Pub. date: 2005 | Online Pub. Date: September 15, 2007 | DOI: 10.4135/9781412950565 | Print ISBN: 9780761928201 | Online ISBN: 9781412950565| Publisher:SAGE Publications, Inc.About this encyclopedia
Infants, Intervention for Premature
Douglas M. Teti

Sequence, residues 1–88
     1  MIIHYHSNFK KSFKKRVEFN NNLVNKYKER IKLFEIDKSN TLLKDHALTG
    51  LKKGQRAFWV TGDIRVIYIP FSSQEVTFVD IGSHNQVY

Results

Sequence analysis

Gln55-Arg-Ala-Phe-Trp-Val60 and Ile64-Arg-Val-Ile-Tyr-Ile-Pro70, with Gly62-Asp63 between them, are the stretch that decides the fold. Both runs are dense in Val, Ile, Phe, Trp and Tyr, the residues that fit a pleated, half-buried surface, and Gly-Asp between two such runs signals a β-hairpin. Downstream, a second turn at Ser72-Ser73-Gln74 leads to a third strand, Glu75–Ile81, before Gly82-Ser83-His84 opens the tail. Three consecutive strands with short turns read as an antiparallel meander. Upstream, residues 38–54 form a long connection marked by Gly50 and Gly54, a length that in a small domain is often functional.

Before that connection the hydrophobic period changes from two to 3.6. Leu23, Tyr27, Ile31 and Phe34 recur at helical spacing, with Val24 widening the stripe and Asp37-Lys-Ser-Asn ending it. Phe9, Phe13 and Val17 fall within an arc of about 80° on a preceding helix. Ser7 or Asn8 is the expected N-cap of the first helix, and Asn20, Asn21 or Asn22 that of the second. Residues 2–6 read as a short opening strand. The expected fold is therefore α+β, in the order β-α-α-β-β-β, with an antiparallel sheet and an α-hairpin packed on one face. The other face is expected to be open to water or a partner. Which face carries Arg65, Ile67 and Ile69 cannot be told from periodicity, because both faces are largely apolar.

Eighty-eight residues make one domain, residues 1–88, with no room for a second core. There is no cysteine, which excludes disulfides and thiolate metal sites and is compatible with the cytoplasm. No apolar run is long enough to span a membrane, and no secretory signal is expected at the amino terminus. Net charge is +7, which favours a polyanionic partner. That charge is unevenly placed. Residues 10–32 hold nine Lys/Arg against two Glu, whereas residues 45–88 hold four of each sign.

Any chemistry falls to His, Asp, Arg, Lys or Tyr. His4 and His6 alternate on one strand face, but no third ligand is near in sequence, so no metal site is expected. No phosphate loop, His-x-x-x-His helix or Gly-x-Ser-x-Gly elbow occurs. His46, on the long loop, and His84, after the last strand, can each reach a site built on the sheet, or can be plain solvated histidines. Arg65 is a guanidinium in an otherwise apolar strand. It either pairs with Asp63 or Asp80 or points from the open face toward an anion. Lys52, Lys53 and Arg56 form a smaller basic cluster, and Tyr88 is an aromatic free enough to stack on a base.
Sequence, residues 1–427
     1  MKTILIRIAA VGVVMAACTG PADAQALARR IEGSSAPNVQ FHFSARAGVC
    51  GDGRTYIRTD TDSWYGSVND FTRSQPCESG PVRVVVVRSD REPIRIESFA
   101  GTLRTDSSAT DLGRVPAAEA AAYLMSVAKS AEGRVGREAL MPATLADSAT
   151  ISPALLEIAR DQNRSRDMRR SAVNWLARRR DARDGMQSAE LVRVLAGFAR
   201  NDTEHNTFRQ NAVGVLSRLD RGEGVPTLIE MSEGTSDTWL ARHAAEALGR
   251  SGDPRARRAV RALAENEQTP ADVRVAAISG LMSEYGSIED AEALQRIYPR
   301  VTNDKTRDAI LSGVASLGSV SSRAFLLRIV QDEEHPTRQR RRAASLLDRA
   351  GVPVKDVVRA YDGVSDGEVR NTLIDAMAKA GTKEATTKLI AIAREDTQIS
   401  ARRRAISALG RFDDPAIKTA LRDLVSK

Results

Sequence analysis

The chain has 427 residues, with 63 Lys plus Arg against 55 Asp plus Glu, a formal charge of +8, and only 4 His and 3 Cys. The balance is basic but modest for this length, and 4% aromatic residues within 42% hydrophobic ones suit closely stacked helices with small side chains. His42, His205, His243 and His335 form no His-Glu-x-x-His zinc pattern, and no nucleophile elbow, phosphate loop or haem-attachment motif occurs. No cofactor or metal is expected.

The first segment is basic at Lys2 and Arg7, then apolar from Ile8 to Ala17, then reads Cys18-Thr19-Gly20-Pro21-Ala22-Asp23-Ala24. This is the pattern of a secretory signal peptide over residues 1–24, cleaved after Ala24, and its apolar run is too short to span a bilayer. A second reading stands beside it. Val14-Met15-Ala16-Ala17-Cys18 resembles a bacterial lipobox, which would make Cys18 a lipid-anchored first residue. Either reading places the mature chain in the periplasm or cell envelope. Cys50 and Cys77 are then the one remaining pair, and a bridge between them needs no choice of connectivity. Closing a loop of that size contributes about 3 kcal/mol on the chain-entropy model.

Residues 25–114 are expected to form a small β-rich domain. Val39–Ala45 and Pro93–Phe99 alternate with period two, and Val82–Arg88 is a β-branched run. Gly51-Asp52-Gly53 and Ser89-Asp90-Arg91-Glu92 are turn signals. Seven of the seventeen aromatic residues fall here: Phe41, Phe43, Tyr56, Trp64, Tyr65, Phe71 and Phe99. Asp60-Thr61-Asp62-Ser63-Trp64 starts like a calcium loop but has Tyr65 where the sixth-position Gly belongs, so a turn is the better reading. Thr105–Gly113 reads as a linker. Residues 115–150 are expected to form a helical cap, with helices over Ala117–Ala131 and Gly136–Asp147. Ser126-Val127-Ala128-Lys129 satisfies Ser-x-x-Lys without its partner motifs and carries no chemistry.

Among the more than 4 million new births each year in the United States, 11% are born too early and 7% are born too small. Prematurity is a major cause of developmental delay. Four decades of research confirm that preterm infants, defined as less than 37 weeks gestational age (GA) and comprising 11% of all yearly births in the United States, are at higher risk than full-term infants for death in the early postpartum period, chronic medical conditions, and developmental delays in physical growth and intellectual and socioemotional functioning that can persist into the school-age years and beyond. These problems are more pronounced among very premature (< 32 weeks GA) and extremely premature (< 28 weeks GA) infants, the latter of whom have been found to be at extreme risk for developmental delay by 30 months of age (Wood, Marlow, Costeloe, Chir, Gibson, & Wilkinson, 2000). The very preterm infant ...